Friday, Jun 05th

You are here: Home

Editorial - At the very least

The inauguration of a 5.5-million-guilder dispatch centre of the Police Force and Ambulance Department (see Wednesday paper) no doubt will be welcomed by most. For years there have been complaints about how calls for assistance often were handled on the Dutch side.

The state-of-the art system now in use should improve that situation, starting with manning the dispatch centre around the clock rather than only from 7:00am to 11:00pm as was the case for the police in the past. The latter is a necessity also considering the nature of the island’s tourism product and its renowned night-time entertainment.

Of course, apart from the technical aspect, human resources play a major role, so it’s good to know training was provided for the operators. The support of the Public Private Partnership (P3) for a safer St. Maarten can contribute to making the venture a long-term success in the general interest.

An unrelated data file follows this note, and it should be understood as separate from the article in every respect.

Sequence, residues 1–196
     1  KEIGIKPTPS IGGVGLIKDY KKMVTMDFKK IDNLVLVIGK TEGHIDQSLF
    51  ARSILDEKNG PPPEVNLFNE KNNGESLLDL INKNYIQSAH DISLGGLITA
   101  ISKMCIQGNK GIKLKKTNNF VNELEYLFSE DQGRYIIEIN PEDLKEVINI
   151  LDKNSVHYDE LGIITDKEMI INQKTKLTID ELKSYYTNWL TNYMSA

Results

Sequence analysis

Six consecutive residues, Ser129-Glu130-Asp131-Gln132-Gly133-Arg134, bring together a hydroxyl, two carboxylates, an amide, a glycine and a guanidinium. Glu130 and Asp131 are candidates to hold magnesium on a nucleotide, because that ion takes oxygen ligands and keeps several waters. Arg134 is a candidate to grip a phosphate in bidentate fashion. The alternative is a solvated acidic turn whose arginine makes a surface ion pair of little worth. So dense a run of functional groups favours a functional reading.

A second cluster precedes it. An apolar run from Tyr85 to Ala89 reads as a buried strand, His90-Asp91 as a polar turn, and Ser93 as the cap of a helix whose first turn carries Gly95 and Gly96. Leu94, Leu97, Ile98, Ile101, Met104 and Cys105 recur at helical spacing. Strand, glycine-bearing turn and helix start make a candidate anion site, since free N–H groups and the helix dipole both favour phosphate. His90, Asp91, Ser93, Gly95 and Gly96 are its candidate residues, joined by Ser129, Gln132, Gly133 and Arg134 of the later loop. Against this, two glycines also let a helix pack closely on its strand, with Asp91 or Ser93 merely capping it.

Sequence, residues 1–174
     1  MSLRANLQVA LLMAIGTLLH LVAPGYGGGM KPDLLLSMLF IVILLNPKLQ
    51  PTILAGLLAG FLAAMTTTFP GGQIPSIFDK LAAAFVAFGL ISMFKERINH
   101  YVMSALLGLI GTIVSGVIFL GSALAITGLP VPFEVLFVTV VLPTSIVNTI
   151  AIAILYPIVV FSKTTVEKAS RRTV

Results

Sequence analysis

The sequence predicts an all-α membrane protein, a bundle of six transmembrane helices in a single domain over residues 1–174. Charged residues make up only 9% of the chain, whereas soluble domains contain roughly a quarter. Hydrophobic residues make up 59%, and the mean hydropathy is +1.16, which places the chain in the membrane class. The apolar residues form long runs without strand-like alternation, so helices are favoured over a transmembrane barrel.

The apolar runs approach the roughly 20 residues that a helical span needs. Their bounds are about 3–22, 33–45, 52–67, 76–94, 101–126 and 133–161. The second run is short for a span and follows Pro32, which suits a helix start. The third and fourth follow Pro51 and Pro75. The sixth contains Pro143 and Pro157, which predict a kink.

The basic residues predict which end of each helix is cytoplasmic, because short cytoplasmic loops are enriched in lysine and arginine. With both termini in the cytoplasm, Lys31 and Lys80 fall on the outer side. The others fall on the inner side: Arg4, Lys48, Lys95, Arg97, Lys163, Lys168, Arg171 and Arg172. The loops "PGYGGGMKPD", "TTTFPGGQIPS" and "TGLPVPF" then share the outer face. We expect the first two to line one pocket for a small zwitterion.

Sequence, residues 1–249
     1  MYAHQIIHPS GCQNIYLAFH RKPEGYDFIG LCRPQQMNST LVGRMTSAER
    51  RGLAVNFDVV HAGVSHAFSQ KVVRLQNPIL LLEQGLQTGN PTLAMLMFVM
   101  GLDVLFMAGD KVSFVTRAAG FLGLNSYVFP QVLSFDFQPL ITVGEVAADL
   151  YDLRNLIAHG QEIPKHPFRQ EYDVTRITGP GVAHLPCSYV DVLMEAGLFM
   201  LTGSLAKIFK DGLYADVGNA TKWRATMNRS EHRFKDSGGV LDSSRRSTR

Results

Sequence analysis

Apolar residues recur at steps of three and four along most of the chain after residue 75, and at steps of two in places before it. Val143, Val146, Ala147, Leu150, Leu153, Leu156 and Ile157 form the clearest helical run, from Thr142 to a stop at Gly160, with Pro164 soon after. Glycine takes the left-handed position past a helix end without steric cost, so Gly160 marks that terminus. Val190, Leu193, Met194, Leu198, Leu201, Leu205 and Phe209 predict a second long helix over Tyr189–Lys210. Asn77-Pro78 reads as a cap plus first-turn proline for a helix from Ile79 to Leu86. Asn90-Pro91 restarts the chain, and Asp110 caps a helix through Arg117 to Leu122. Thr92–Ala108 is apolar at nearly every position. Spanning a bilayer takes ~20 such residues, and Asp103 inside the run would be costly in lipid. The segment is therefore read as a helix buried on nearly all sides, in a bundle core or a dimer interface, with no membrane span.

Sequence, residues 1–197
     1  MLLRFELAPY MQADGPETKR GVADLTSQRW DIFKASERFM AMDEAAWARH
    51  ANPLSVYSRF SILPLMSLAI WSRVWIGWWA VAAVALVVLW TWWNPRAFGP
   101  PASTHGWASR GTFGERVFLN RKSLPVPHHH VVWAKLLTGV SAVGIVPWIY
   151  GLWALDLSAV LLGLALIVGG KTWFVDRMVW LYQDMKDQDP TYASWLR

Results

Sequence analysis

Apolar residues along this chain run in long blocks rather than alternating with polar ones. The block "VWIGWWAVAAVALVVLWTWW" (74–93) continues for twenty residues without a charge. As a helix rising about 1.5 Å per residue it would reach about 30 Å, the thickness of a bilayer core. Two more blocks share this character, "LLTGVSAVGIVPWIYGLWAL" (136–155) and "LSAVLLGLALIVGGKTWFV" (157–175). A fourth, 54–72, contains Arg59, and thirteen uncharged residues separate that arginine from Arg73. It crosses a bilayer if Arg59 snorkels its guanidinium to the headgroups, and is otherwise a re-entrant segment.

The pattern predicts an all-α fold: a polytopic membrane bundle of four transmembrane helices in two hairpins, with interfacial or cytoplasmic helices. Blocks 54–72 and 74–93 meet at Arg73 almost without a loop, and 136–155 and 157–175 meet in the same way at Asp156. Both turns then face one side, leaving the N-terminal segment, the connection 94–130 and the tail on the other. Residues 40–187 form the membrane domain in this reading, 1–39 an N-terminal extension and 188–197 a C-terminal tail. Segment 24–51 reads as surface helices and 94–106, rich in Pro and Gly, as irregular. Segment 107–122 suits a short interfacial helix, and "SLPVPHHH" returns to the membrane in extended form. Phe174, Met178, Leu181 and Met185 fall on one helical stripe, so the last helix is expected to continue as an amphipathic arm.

The fact that the Fire Department did not join in the new system was mentioned more than once and hope expressed this still would happen in the near future, because it would make the coordination of responding to incidents much easier. It was pointed out that cooperation nevertheless does exist between the three local emergency entities, as proven during the recent hurricane exercise Hurex.

The general public first learned at the end of January that the Fire Department had reservations about a shared dispatch centre. The reasons given included a lack of input regarding the location, equipment and running the centre.

Maintaining a separate facility also means not being dependent on just one and having something to fall back on in the event of a disaster, it was argued back then. The suggestion came to change the plans so that the 911 number could be dialled for all, but all calls for the Fire Department would be transferred to its own dispatch centre.

It’s not clear to what extent this has been arranged. However, a citizen who called recently requesting an ambulance was told to hold and then passed on to someone else.

What’s important is that the phone is picked up consistently in a courteous and helpful manner, by officials who quickly provide the help needed while reassuring the caller. Professional and effective service particularly in times of crisis at the very least is what people should be able to expect.